My husband was diagnosed with Crohn’s disease 15 years ago. Most of his GI doctors over the years have told him that the foods that he eats should not affect his Crohn’s disease symptoms. But I beg to differ…
At his sickest, my six-foot tall husband weighed 127 pounds. When I see pictures from that time, I see a skeleton looking back at me. Poor guy had become afraid of food because he associated it with pain. He couldn’t figure out which foods made him feel bad, so he just kept on eating how he normally did before his diagnosis with Crohn’s disease.
I met him right before I had gone back to school to obtain my master’s in nutrition. I spent every opportunity during grad school to focus on autoimmune diseases to see how I could fill in the gaps his doctors failed to mention. I’m proud to say that he has gained back 40 pounds to reach a healthy weight for his height. Today, we are closer than ever to understanding which foods his gut can digest without pain.
Crohn’s is a very complicated autoimmune disease because the dietary and nutrition recommendations can look very different for each Crohn’s patient. What works for my husband may not work for you (or your loved one) with Crohn’s disease. Today, I’d like to share the eight diets that are currently recommended for people with Crohn’s disease. While these diets have some key similarities, they are all “elimination diets”, which eliminate certain foods that may be intensifying Crohn’s symptoms. These diets are restrictive in nature and may not work for everyone. Read below to learn more about the eight elimination diets currently recommended:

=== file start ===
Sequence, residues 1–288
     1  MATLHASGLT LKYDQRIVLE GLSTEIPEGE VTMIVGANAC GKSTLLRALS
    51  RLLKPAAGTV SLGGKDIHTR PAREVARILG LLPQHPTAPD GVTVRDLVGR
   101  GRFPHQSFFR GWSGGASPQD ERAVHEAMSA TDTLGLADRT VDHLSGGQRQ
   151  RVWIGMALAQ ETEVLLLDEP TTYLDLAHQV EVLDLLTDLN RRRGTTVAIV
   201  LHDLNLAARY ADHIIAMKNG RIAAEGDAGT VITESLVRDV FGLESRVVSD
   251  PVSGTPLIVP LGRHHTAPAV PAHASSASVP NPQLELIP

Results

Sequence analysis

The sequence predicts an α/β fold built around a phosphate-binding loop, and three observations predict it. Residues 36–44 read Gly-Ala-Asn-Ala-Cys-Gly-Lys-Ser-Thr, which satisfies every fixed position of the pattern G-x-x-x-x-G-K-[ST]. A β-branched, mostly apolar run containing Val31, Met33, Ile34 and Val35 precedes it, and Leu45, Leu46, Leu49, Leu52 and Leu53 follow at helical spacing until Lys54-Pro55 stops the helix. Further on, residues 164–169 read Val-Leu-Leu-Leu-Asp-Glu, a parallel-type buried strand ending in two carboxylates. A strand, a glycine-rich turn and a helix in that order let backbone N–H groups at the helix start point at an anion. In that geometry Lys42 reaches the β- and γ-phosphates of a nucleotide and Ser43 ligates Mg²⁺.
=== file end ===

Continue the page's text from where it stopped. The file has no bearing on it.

Crohn’s Disease TREAT Diet (CD-TREAT diet) 
This is an individualized anti-inflammatory diet that excludes foods like complex carbs, while increasing protein, vitamins, minerals, and fiber to try to change the microbiome (replacing more of the bad microbiome bacteria with good, healthy microbiome bacteria).
Foods included on this diet are fruits, veggies, high-fiber, lean meats, increased protein, vitamins, and minerals.
This diet does not allow lactose (dairy products), processed meats (lunch meats, sausages, smoked meats), animal fat (butter, lard), alcohol, or emulsifying agents (like lecithin).
Allows fruits, veggies, meats, and carbs, but aims to get rid of foods that make the diseased gut worse. Specifically, certain animal fats, meats, and food additives like maltodextrins and emulsifiers are cut out on this diet. Note that this diet is often paired with liquid nutrition formula supplements like Boost or Ensure shakes prescribed by doctors or registered dietitians.